THE ONGOING problem of antisocial driving along the Fermanagh border is continuing, with one of the ‘boy racers meet’ events even delaying an ambulance responding to an emergency at the weekend.
As reported by the Herald back in August, the PSNI and An Garda Síochána had launched a cross-border policing operation to tackle the scourge of the driving events on the A3/N54 at Rabbit’s Island in Drummully, on the Fermanagh and Monaghan border.
The ‘diffing and drifting’ events, which are believed to be pre-organised on social media and attract drivers from across the country, have been ongoing for a long time now and are not only extremely dangerous, but very disruptive and frightening to those living in the area.
Speaking to the Herald early this year about the problem, Council chairman Thomas O’Reilly said he and his colleague Cllr Pat Treanor in Clones had been working with the police and gardaí on the problem.
“This is not a few kids with a few old cars coming to do doughnuts,” said Cllr O’Reilly. “This is very well organised meets from very far away across Ireland.
“They are coming and meeting up in Monaghan and Cavan and then coming down to this venue, which is a bit of a natural amphitheatre, with two big banks on either side.”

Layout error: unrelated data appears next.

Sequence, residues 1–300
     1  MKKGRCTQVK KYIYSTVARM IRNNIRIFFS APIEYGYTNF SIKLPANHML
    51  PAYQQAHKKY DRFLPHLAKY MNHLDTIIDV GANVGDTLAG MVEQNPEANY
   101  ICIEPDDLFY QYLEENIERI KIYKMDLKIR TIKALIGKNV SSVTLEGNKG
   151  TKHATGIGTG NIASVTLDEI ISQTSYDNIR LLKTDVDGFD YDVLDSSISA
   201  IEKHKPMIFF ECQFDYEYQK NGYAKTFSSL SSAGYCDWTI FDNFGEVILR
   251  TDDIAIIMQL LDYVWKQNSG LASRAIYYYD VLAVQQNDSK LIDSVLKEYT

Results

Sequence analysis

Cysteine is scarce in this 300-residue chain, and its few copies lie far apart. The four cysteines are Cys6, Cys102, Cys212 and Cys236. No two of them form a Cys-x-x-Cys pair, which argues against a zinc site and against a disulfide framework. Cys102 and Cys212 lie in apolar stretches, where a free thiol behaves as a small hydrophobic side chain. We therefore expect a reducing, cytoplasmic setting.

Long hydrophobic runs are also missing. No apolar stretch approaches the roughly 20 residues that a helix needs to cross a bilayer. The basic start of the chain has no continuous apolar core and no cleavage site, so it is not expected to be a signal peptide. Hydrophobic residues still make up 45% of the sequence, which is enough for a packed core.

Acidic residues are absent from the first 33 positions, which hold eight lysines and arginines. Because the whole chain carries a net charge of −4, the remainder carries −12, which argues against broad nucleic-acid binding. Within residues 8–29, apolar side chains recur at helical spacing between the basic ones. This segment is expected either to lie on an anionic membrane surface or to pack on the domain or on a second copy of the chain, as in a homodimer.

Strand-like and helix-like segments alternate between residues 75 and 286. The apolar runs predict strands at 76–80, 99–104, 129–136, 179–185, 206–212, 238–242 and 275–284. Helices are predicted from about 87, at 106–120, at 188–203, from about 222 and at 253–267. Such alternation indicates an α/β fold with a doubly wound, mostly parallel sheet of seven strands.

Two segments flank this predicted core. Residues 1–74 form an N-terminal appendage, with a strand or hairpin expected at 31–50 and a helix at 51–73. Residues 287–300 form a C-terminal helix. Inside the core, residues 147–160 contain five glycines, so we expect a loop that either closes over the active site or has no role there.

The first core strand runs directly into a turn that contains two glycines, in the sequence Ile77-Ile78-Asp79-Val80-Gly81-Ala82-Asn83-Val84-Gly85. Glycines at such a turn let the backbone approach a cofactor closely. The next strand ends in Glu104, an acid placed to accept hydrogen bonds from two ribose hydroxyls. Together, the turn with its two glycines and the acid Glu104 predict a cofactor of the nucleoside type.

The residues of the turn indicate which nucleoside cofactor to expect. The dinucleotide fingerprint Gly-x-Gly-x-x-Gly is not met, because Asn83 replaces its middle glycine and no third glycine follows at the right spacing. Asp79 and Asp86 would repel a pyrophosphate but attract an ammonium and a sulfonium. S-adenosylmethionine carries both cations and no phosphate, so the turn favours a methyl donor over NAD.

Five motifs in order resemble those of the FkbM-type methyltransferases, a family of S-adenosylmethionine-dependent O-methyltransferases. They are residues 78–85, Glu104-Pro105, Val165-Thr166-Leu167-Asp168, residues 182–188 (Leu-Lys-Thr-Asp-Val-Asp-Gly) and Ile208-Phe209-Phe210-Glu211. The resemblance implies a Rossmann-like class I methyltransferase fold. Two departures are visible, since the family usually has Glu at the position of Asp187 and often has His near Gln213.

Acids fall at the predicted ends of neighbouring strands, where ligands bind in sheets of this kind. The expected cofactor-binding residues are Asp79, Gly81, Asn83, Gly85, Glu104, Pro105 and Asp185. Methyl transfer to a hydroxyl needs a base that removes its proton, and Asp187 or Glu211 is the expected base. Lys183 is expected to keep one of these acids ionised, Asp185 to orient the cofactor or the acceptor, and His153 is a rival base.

The joint cross-border operation is continuing, and gardaí from Clones said officers had broken up one of the ‘meets’ at the weekend, seizing two cars.
“During one of our joint policing cross border operations last night, PSNI and Gardai in Clones disrupted a ‘boy racers meet’ along the A3/N54,” said a spokesman for An Garda Síochána.
“A number of road traffic violations were detected and two vehicles seized. There are also further follow up inquiries being made.
“This behaviour continues to cause significant distress to local residents. And as in the case last night, resulted in delays to the ambulance service responding to emergency calls.”
Cllr Treanor previously told the Herald the events often attract in the region of 140 drivers and spectators, and said residents were being “tortured” and living in fear as a result. He said the cross-border cooperation between the two policing bodies was needed to effectively address the issue.
“It’s on the border and they go to the southern bit when it suits and the northern bit when it suits,” he explained.
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